The Responsive Classroom approach is so refreshing to hear! I love how you said that you are not the expert and that the teachers are. Additionally, that leaders should feel empowered by giving the teachers the license in doing these things in the classroom. It sounds like you have a lot of trust and respect for the teachers at your site. I have been "battling" with my administration in regards to trusting faculty and treating us as professionals in terms of how our classrooms are run. It sounds as if you are on the forefront of something remarkable for your staff and students. Our principal and district is so wrapped up in test scores that they often forget that we are teaching little human beings that need social and emotional skills to be successful in our society!

Alyssa Curry's picture
Alyssa Curry
Kindergarten teacher, Anchorage, Alaska

I had never heard about Brain Gym before reading your article. But as a Kindergarten teacher, I absolutely agree that students (especially my younger ones) need to get up and move even a couple minutes to transition between activities. In the morning I always try to interject stories that get them out of their seat and onto the story floor. The stories usually have some sort of movement and the students love to help act out what I'm reading. I also do a lot of math songs in the afternoon, and the classroom favorite is the Cha Cha Slide. It has left/right coordination and is a great wiggle song!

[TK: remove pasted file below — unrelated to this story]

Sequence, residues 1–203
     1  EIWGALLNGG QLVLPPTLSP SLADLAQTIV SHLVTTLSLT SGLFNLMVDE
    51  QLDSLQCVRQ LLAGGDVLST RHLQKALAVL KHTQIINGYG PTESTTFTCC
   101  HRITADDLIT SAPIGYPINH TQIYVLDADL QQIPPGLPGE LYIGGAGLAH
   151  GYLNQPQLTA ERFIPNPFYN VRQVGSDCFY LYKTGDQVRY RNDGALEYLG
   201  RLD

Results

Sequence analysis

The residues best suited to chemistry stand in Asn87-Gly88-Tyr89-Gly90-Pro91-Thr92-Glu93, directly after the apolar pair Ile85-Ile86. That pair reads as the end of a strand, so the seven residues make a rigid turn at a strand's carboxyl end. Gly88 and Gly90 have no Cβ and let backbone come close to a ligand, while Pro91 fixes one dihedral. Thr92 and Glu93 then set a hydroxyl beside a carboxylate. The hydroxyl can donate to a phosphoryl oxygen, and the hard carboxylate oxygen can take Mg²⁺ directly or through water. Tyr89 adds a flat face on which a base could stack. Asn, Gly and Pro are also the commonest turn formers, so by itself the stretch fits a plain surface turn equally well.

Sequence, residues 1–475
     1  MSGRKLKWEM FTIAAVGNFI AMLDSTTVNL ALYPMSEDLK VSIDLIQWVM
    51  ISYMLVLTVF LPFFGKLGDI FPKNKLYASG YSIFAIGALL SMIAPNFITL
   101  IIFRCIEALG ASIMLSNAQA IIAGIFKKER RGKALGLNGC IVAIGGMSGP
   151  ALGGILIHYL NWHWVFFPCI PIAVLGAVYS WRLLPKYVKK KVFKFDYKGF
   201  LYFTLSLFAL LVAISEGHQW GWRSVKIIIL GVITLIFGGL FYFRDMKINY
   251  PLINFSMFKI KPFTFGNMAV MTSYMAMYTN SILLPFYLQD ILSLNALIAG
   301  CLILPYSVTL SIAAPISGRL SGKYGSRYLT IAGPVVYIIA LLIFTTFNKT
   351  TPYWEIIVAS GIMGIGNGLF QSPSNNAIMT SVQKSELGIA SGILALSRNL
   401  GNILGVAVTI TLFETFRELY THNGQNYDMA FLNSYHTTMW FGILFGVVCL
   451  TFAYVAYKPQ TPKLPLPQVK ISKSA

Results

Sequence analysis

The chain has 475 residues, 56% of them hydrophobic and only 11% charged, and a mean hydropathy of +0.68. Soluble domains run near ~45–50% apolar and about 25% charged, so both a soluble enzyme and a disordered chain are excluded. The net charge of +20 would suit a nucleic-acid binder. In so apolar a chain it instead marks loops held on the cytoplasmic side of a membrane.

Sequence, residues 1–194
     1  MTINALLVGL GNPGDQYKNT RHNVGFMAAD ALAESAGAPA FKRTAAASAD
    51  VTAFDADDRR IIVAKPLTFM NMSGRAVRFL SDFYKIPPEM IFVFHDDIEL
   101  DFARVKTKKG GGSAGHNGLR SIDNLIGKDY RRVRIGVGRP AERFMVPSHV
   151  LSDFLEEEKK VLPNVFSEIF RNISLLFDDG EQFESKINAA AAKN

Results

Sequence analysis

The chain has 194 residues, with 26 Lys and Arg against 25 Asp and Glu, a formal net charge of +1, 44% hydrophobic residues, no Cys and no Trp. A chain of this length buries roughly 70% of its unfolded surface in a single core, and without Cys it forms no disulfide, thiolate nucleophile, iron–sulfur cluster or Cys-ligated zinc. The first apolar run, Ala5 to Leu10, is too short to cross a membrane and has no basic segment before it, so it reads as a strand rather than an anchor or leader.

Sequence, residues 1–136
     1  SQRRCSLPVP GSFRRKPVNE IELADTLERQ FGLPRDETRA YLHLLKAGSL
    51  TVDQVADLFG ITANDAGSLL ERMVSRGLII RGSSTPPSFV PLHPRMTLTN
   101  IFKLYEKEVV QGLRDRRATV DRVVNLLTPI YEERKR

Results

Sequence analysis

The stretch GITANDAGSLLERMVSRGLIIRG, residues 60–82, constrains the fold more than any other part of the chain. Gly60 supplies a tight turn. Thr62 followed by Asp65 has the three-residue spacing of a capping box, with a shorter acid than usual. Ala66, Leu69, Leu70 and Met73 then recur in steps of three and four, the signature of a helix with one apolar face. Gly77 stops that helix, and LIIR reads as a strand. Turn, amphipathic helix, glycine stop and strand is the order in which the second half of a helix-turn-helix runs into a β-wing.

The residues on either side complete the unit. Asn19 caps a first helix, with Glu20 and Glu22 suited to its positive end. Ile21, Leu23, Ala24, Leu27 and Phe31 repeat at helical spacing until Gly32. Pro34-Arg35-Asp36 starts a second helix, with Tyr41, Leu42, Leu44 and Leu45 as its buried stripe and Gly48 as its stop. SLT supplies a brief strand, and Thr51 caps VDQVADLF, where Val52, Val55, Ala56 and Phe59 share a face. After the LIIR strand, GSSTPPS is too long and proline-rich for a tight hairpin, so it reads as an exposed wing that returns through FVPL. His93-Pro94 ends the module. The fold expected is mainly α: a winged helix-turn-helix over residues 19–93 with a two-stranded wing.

Heather's picture
Imtermmediate Autism Teacher from Las Vegas, NV

I think this school sounds amazing! How is it that every district in the nation is taking all our time away for students to have fun in school, yet we are still dropping in test scores? I don't understand how students are supposed to learn sitting stagnant in a classroom all day long. They need a break every now and again to get thier bodies and brains activated again. Transitions are such a huge part of the day. These moments always open the door to the wiggles and small conversations to begin. By making the student responsible for their transitions and knowing thier expectations when doing so, the studnets will be focused and moving at the same time.